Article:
Yakir Segev, according to the Israeli newspaper Ha’aretz, is a social activist and major in the Israeli reserves who came back from last summer’s war in Lebanon determined to change things. And what is it that he wants to change? “The main thing missing [in Israel],” he told the paper, “is that same concept for which — not by chance — there is no term in Hebrew: accountability, the contract between the elected representative and the voter, and the obligation of elected representatives to give an accounting.”
One wishes Segev and others like him every success. Still, it’s a bit annoying to find the same canard against the Hebrew language repeated over and over — and this time by someone who believes, so he told the journalist who interviewed him, that secular Jews like himself “have to be familiar with the Jewish sources at as high a level as any religious person.”
I don’t know how many times I’ve heard it said that Hebrew has no word for “accountability,” the implication being that, if you don’t have a word for something, you can hardly be expected have the thing itself. It’s one of those myths that speakers sometimes have about their own language, which, once established, are nearly impossible to get rid of.
Why a myth? Well, as someone who believes in being familiar with Jewish sources, Yakir Segev should know the little Mishnaic book called Pirkei Avot and commonly referred to as “Ethics of the Fathers” in English. Pirkei Avot is, for good reasons, one of the most studied and most beloved of all Jewish texts, so much so that it is regularly printed in the standard prayer book. And what is the very first sentence in it? In the somewhat dated but still serviceable translation of the British scholar R. Travers Herford, it is:
“Akavia ben Mehalalel said: — Keep in view three things and thou wilt not come into the power of sin. Know whence thou comest and whither thou goest and before whom thou art to give strict account. Whence thou comest, — from a fetid drop. Whither thou goest, — to the place of dust, worms and maggots: and before whom thou art to give strict account, — Before the king of the kings of kings, the Holy one blessed be He.”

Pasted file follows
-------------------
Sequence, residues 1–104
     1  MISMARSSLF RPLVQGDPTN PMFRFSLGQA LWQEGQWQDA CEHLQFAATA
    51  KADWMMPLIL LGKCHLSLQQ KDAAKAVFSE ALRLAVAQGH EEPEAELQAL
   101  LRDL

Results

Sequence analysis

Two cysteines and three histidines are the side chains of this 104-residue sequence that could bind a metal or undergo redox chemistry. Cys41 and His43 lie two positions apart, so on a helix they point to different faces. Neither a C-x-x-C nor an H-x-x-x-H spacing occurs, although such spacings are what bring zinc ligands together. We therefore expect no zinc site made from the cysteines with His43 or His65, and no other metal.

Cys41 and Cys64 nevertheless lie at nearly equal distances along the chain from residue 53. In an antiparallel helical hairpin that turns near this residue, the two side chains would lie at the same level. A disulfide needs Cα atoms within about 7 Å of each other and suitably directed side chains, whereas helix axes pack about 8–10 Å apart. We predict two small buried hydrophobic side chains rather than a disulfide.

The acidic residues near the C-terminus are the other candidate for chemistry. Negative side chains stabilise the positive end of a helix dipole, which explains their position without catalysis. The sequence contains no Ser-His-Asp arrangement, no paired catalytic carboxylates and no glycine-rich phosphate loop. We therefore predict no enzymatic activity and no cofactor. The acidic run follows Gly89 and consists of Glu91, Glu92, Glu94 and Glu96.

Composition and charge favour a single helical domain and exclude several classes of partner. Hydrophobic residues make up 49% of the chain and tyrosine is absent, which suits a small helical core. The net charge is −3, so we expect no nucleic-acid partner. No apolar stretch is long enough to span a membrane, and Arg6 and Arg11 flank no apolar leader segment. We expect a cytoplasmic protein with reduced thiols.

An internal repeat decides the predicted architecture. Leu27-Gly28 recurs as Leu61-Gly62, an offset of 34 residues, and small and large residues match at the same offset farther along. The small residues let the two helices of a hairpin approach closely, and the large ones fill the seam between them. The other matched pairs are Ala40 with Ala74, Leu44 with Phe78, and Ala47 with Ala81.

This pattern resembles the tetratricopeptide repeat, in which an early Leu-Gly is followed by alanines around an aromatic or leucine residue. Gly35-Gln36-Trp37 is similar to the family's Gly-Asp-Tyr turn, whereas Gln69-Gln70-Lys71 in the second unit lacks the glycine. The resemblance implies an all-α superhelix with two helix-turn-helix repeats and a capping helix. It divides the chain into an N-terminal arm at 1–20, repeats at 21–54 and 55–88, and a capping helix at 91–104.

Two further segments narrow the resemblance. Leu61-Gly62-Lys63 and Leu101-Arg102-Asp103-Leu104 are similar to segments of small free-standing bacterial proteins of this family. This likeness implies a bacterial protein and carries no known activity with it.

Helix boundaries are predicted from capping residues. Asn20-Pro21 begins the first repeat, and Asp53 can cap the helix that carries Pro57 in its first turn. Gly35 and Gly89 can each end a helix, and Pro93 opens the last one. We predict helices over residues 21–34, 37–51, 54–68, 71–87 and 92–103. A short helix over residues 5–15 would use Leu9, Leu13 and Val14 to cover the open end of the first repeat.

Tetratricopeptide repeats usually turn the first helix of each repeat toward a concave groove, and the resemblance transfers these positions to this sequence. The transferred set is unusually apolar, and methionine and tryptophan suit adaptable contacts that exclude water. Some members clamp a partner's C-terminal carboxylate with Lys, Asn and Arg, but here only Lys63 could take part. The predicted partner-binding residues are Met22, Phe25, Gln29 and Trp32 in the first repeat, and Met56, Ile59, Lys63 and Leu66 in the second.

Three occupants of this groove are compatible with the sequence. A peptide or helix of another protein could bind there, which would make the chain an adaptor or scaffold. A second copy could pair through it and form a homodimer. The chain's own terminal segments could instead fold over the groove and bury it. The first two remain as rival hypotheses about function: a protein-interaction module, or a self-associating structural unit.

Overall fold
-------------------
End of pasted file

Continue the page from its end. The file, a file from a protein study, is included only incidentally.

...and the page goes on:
“And before whom thou art to give strict account” could also, of course, be translated as, “And before whom you are accountable.” The Hebrew reads: Ve-lifnei mi ata atid li’ten din ve-h.eshbon –”And before whom you are to give a din and a h.eshbon.” Din in classical Hebrew is a “judgment” or “legal process,” and h.eshbon is “account,” “bill,” or “arithmetical sum,” and the combination of the two, din-ve-h.eshbon, means a report in modern Hebrew, as in “book report” or “committee report,” while in its acronymic form of doh. it can also denote a traffic ticket.
Elsewhere in rabbinic Hebrew, to be accountable is shortened to li’ten [or la’tet] et ha-din, “to give a din.” And when converted into the noun “accountability,” it becomes matan din or matan ha-din. It’s a perfectly common expression.
Why, then, do Israelis persist in saying, as if this constituted some deep cultural insight, that their language has no word for “accountability,” which has to be expressed by the horrid Anglicism ekauntabiliyut? How odd that a people that just observed Yom Kippur should think that it has no native way to express the concept that a person is judged for what he or she does!
There are several reasons for this. One is sheer ignorance. Most secular Israelis have no or little familiarity with Jewish sources and have no idea what a wealth of terminology can be found in them. One could think of many other examples of fine old expressions and idioms that go unused in contemporary Israeli Hebrew because there is no awareness of them.
Secondly, even many of those Israelis who are familiar with an expression like matan ha-din instinctively feel that it is an archaism that is best not used in ordinary conversation. Using the language of the rabbis, they fear, will mark them as old-fashioned, religiously oriented, bookish, or pedantic.
And thirdly, there is the enormous cultural and linguistic influence on Israeli life of English. As everywhere in the world today, and even more than in most places, Israelis may speak a language of their own, but this language is becoming more and more a kind of translated American. If English has a single word for “accountability,” Israelis expect Hebrew to have a single word for it, too. Matan ha-din doesn’t meet their expectations.
Hebrew is not a language with as rich a vocabulary as English or Spanish, but it is nonetheless one in which, if you know it well, it is possible to say just about anything elegantly and idiomatically. Unfortunately, few of its speakers do know it well. It is like a violin in the hands of people who try to play it like an electric guitar and then complain that they have been given a faulty instrument. The problem is not with the violin. It is with those who do not know how to make music from it. It’s they who are accountable.
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